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When you’ve worked shoulder-to-shoulder with an extraordinary individual, you will not hesitate to recommend her. After all, she has your utmost respect, admiration and gratitude. But precisely because she is “perfect,” you wonder if you can write a recommendation for her credibly. Thankfully, you can. Simply demonstrate in concrete terms how she was instrumental to your success, effective in carrying out her responsibilities, inspiring to co-workers, respectful of the company, self-motivating and so on. Discipline your impulse to gush but praise her sufficiently and honestly. Your outstanding employee deserves no less as she moves on or competes for an award.
Begin your letter extraordinarily. The typical recommendation letter starts with a description of your relationship with the employee and the reason why you are writing. Precede or follow this information with a statement that hints of your employee’s exceptionality. For example, “I am pleased to write this letter of recommendation for Beatriz Jones, who has worked as an industrial designer under my supervision for the last five years. I have made a supreme effort to avoid using a whole lot of superlatives that genuinely apply to this extraordinary individual.”
Demonstrate your exemplary employee’s strongest attributes, especially those which would compel the interest of another employer. Instead of generalities such as “She’s an excellent employee and a great manager,” say, “Beatriz assumed a demanding position that had been filled and vacated many times in the years before she joined us. She brought three essential skills for which we had sought high and low.” Use up to three short paragraphs to address her skills and proficiencies.
Speak to your employee’s character and integrity in the next paragraph or two. Once again, substantiate your claims. For example, instead of saying, “She’s a self-motivated, generous worker appreciated by all,” say, “No one asked Beatriz to volunteer or assume leadership roles at our local United Way; no one told her to seek accreditation in sustainable design. Beatriz initiated all of this on her own. She also involved our emerging professionals in every aspect of her work, mentoring them as she went along.”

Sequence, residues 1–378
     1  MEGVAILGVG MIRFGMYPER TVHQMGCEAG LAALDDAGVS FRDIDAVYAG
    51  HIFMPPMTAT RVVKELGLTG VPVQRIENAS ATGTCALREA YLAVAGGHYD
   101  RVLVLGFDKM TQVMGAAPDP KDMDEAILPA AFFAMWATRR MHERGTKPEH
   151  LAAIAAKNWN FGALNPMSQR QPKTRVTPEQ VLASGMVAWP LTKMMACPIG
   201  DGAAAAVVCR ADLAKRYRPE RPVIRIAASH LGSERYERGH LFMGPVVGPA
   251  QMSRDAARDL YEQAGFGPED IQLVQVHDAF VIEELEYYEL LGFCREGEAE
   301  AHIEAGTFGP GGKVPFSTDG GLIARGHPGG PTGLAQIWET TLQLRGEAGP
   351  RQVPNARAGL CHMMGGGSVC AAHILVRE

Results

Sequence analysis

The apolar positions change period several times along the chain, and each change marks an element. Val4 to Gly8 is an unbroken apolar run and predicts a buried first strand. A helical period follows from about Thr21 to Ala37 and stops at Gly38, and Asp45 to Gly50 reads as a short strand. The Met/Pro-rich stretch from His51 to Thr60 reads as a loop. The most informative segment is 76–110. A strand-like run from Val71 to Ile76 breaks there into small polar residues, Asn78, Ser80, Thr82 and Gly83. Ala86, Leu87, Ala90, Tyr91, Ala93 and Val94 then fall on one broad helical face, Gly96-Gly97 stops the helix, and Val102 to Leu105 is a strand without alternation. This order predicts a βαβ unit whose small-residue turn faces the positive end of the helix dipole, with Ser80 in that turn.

Conclude with a strong summary of your employee’s capabilities and qualities. If your employee is leaving the firm, express unfathomable regret, even envy of the next company that will employ her. Restate your recommendation unreservedly. Provide your phone number or email to answer any questions. Close formally with “Sincerely yours,” and then sign your name over your printed name and title.
Adopt a business letter in either block or semi-block format. Print the letter on your letterhead for the utmost formality.
A letter of recommendation typically has at least five paragraphs.
Do not provide employee details such as her religion, ethnicity, age, race, marital status or disability.
Check your proposal for spelling and grammar errors before providing a copy to the employee. Find a fresh set of eyes to review your letter, if possible.
Since 1988, Diana Faustmann has been writing on technology, business and culture. Her articles have appeared in various print publications, corporate websites and authoritative online sites. Faustmann holds a Bachelor of Arts in psychology from the University of the Philippines.